Symptoms and signs of Diplodia ear mold. In the past couple of weeks, symptoms of ear mold have popped up at the Northwestern Illinois Ag R&D Center. While most fields have rows upon rows of healthy-looking husk leaves enveloping plump ears, in some fields individual ears stand out as the husk leaves are a bleached or tan color (Figure). Upon peeling back these dead or dying husk leaves, one notices that many silks adhere to the ear, seemingly stuck there by white fungal growth (Figure). The kernels themselves may become dull-grey or brown in color and shrunken and light-weight.
Over time one can start to see small, black specks appear on husk leaves, on or between kernels or on the cob itself (Figure). These specks are asexual reproductive structures of the fungus (pycnidia) that are visible to the naked eye. Spores produced inside these structures serve as the inoculum that may infect future corn crops.
Conditions that favor disease. Corn ears are thought to be most susceptible to infection by Stenocarpella maydis, the fungus that causes Diplodia ear mold, in the 3 weeks after silking (milk stage), when the silks begin to die. Fungal spores are rain-splash disseminated onto the crop from residue from previously infected crops. At the research center this year, corn planted between April 5 and 15 reached the silking growth stage at the beginning of July after which time periodic rains brought more than 7 inches of rain by July 22 - perfect conditions and timing for Diplodia ear mold (WARM).
Infections that take place earlier-on can result in the whole ear becoming diseased. Later infections may result in only portions of the ear being infected, often towards the base of the ear, with no outward symptoms or signs.
Yield loss. Yield can be lost through smaller kernel size and lower test weights. This, along with moldy or damaged kernels and fine materials can result in discounts at the grain elevator.
Management considerations this year. Be aware of the potential for Diplodia ear mold this year and adjust harvest and marketing plans accordingly. Diseased kernels may be more brittle than healthy kernels, increasing the possibility of breakage and the amount of fine materials. Adjusting combine settings can help to maximize grain cleaning and minimize breakage. Additional cleaning of harvested grain is recommended before sale or storage to minimize discounts and to improve aeration in short-term storage.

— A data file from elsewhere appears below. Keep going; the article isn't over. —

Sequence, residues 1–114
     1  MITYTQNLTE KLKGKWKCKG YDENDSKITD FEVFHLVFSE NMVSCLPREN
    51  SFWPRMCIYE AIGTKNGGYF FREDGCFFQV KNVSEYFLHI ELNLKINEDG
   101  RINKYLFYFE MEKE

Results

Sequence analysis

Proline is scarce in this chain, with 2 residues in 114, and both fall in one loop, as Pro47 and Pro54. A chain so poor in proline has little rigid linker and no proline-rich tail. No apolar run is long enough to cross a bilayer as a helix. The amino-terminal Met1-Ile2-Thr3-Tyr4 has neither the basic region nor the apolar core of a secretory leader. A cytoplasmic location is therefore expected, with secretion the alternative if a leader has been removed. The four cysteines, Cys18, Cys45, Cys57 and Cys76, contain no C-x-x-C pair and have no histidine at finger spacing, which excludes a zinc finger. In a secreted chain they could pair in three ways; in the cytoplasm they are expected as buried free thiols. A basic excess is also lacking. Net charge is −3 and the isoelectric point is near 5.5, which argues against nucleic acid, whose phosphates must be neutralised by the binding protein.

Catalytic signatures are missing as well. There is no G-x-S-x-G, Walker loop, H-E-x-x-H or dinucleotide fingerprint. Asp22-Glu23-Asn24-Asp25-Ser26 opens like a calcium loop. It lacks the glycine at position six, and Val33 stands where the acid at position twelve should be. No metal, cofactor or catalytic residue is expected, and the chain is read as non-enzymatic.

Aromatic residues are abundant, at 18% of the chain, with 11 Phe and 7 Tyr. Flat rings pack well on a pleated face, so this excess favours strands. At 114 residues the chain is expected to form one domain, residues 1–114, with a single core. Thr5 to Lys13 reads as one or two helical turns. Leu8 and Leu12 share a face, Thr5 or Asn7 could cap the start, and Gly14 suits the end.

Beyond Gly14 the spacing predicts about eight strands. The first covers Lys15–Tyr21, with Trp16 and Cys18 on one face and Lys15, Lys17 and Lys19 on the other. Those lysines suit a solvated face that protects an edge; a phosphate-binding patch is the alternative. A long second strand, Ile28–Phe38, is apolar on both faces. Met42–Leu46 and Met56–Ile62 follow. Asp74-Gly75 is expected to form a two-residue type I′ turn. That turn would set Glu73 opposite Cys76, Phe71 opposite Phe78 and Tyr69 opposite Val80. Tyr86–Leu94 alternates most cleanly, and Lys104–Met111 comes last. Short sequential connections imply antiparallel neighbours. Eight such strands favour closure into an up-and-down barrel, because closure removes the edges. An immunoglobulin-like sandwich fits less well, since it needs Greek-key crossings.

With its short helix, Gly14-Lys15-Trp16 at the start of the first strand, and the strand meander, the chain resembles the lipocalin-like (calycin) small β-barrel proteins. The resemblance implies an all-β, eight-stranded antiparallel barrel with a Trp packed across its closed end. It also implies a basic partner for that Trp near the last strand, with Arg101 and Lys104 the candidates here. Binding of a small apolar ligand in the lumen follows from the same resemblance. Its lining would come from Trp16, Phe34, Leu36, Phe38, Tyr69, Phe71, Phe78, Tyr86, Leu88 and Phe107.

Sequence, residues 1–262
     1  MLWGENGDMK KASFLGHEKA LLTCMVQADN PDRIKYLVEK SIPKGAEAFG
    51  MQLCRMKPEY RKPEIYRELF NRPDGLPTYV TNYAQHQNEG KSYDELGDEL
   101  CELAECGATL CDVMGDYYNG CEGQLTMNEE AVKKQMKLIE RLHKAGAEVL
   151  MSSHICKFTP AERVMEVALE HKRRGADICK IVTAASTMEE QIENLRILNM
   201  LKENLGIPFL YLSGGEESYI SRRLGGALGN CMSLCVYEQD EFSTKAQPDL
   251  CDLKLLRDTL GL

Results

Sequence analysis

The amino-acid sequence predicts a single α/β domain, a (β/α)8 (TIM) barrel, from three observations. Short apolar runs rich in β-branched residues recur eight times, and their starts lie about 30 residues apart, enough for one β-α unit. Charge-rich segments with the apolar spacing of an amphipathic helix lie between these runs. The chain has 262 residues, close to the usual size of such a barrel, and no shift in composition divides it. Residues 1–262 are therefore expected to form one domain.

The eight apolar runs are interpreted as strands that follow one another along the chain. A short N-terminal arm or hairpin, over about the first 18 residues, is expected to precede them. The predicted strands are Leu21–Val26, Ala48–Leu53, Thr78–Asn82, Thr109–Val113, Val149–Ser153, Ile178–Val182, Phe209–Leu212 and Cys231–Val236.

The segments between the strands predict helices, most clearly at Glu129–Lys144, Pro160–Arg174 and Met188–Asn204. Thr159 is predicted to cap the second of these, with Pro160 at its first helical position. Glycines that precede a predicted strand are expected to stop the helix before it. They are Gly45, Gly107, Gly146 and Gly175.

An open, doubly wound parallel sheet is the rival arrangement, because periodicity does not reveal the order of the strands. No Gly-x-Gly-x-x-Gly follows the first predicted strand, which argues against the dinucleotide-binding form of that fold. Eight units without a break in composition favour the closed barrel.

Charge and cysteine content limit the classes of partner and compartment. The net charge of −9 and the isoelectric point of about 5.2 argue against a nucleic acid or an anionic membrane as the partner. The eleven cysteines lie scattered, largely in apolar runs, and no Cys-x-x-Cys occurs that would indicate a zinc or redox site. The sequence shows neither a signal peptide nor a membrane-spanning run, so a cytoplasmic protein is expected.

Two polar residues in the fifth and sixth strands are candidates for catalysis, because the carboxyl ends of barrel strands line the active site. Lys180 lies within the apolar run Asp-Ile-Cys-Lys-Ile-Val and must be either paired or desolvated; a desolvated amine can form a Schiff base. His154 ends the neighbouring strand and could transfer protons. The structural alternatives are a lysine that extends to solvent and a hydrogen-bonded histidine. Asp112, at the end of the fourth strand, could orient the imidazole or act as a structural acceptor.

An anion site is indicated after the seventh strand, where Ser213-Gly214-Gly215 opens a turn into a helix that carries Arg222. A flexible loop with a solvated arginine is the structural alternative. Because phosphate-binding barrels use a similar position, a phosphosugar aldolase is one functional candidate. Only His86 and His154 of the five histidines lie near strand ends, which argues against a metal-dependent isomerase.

Drying and cooling the grain as soon as possible is recommended to stop the growth of both S. maydis and other fungi. Storing diseased grain separately and for only short periods of time is recommended to reduce the chance of additional losses.
One positive: unlike some of the other ear molds, in the U.S. Diplodia ear mold is not associated with mycotoxin contamination.
Management considerations in future years. Recently researchers at Purdue University investigated foliar fungicides for Diplodia ear mold management. They found that fungicides did not consistently improve yields even under conditions that favored disease development.
As is evident at the research center this year, hybrids vary considerably in their genetic susceptibility to Diplodia ear mold. Select hybrids with high levels of genetic resistance to plant in fields that have had a history of the disease.
S. maydis has a host range of one - corn – and survives in infested residue on the soil surface. This is why both crop rotation and tillage are important management strategies to consider.
Severns, D.E. and White, D.G. 1999. Diplodia Ear Rot of Corn. Proceedings of the IL Crop Prot. Technol. Conf. pp 106-107.
Steckel, S. 2003. Biology and Management of Diplodia (Stenocarpella maydis) Ear and Stalk Rot. J. Nat. Resour. Life Sci. Educ. 32:5-7.
Water and Atmospheric Resources Monitoring Program. Illinois Climate Network. (2014). Illinois State Water Survey, 2204 Griffith Drive, Champaign, IL 61820-7495.
Munkvold, G.P. and White, D.G. eds. 2016. Compendium of Corn Diseases. 4th ed. APS Press. St. Paul, MN.
Woloshuk, C. and Wise, K. 2009. Diseases of Corn: Diplodia Ear Rot. Purdue Extension Bulletin BP-75-W.